First available in 2019, by Piaggio Fast Forward — an offshoot of the famous Italian Piaggio scooter brand — the device finds itself in a niche category. Known as a self-following robot, autonomous suitcase or cargo bot, the device is essentially a small suitcase that follows you.
With a renewed drive to sell GITA to industry in 2021, and a string of handy blog posts describing personal uses for the autonomous luggage bot — we look at why it’s such a hard sell.
Who is GITA for?
3 reasons the GITA looks pretty terrible for travel use
- Airline rules
- Limited mobility
- Poor carrying ability
1. It’s no use as a self following suitcase
Unlike the OVIS self-following suitcase, the GITA is completely impractical for use as a personal smart luggage device.
- As the guardian pointed out when the GITA robot was first released to the public, it doesn’t fit in overhead lockers.
- Even if it did fit, at 50lb (ca. 23 kg) empty it is over most airlines’ luggage allowances
- It is banned as smart luggage as it can’t be carried on a plane due to non-removable batteries.
2. It can’t move around airports
While the tech that powers GITA is clever — it has a LIDAR scanner to automatically detect obstacles and to follow it’s designated handler — it has one major flaw. It only works on flat surfaces.
The operating manual specifies it can travel up small and down small inclines, up to a maximum gradient of 16%, but only on smooth surfaces.
Anyone who has visited a modern airport knows they are a maze of lifts, escalators, steps, and public transport links. And that’s before you venture into some airports carparks, which can be a world away from the smooth, polished surface of the terminal floors!
That’s a no-go for GITA.
3. GITA doesn’t actually carry much luggage
It turns out the GITA luggage carrier doesn’t actually carry a huge amount. The maximum weight you can fit into the cargo bin is 40lbs or 18 kg, slightly less than most airlines carry on luggage limits.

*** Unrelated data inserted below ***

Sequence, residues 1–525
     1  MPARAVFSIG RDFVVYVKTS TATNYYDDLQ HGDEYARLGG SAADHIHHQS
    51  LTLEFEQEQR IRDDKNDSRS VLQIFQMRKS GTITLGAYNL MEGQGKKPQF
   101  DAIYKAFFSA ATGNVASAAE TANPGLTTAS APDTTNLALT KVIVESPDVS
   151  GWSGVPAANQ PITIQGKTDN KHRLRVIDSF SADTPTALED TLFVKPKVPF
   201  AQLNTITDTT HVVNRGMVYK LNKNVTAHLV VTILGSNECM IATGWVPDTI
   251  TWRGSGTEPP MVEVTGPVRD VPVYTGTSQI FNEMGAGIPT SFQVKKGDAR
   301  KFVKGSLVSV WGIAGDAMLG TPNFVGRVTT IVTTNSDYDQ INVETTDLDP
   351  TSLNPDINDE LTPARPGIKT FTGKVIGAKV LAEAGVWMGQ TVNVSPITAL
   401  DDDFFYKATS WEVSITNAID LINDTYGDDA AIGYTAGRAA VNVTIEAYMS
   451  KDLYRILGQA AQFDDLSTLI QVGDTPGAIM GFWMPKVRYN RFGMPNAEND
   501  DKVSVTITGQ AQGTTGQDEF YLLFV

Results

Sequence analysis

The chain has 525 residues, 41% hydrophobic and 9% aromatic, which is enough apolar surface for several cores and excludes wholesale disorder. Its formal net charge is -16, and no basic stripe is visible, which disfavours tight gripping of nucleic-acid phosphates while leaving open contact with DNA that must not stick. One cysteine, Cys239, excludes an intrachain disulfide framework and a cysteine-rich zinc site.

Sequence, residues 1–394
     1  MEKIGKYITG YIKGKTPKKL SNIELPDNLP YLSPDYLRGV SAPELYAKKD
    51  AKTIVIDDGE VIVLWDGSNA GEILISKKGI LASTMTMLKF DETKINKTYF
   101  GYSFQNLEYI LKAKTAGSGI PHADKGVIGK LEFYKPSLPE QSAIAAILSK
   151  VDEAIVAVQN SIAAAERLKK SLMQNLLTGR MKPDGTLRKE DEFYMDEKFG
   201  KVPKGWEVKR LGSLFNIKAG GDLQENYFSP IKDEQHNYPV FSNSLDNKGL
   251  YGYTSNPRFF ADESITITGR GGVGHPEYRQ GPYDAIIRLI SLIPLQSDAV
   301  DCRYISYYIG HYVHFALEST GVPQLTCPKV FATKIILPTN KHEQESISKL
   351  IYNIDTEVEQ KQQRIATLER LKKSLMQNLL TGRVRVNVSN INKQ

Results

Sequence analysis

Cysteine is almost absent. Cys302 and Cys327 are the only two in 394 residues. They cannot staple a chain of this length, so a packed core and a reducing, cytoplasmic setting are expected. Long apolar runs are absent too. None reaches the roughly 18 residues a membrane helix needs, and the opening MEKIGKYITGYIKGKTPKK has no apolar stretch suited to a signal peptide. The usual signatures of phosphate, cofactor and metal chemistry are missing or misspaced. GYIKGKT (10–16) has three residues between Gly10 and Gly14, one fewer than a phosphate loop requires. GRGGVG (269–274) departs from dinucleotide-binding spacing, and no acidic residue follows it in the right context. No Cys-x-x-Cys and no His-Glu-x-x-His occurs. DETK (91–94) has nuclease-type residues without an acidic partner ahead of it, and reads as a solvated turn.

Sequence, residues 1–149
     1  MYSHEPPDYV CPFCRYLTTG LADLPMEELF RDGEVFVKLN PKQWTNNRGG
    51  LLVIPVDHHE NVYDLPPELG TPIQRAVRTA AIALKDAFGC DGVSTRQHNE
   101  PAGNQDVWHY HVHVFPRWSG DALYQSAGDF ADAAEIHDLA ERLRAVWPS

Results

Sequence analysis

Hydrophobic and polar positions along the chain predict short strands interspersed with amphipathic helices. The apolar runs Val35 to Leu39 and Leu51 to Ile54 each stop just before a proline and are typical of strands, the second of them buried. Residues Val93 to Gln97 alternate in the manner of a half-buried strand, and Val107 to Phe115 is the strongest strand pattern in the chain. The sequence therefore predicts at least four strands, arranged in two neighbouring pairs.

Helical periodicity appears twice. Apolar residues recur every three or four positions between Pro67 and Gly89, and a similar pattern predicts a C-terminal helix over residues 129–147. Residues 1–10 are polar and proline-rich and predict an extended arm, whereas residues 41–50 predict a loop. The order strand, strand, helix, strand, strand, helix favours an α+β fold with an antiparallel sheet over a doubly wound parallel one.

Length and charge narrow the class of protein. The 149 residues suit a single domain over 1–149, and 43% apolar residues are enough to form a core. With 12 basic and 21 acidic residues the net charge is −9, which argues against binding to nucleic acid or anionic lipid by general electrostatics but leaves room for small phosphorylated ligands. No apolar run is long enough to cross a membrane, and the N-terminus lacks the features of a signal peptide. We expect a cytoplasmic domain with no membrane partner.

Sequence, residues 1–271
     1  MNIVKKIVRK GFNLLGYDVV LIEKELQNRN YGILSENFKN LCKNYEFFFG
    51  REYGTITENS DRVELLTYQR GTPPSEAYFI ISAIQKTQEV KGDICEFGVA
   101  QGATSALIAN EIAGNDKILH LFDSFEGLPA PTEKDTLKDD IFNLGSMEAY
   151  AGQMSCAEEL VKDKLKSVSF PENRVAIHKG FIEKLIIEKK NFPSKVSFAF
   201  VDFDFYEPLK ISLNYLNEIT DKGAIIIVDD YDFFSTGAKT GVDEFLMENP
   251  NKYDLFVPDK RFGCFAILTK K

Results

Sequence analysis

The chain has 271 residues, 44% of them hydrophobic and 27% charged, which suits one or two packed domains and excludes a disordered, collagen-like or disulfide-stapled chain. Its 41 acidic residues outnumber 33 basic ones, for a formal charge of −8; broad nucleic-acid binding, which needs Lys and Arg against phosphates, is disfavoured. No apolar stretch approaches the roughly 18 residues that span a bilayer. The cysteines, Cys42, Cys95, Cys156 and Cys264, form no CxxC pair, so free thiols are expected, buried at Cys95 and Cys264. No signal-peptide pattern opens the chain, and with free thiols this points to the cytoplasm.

If you overlooked all its flaws and tried to use GITA as a self following suitcase you will find that despite its significantly larger size, the internal storage space is similar to a standard carry-on size suitcase. For reference, at 2630 cubic inches (ca. 43 l), it’s roughly the same interior space as the Samsonite Prodigy.
However, as we’ve seen, due to its size weight and regulations you can’t actually use GITA as a self following suitcase. With this small storage capacity and a strict 18 kg weight limit, it’s difficult to see how much use GITA luggage would be in commercial uses around airports either. It will be interesting to see what PFF’s travel partner Cincinnati Airport end up using their GITA robots for.
GITA empowers people of all ages to more actively enjoy their surroundings, and to interact with their communities in a more meaningful wayGreg Lynn, CEO, and co-founder at PFF
The GITA autonomous luggage falls into an awkward area of small cargo devices.
Whilst it is too cumbersome and heavy to be used as a self following suitcase — such as ForwardX’s OVIS — it is also too small and not robust enough to be used as a commercial device.
The two-wheel balancing robotic suitcase is left to fill a niche role. The brand suggest accompanying people carrying shopping home, or if you want to read in the park but don’t fancy carrying a newspaper. As long as the park doesn’t have grass. And there aren’t any steps involved. And it’s not raining — the lid isn’t waterproof.
That’s before we get onto the staggering $3000+ dollar price tag.
Arguably the most interesting thing about the GITA luggage robot is found in the ominous sounding FAQ section….
Is gita safe?
Gita’s lightweight, rounded shape and soft plastic body make it generally safe when used in accordance with the Safety instructions.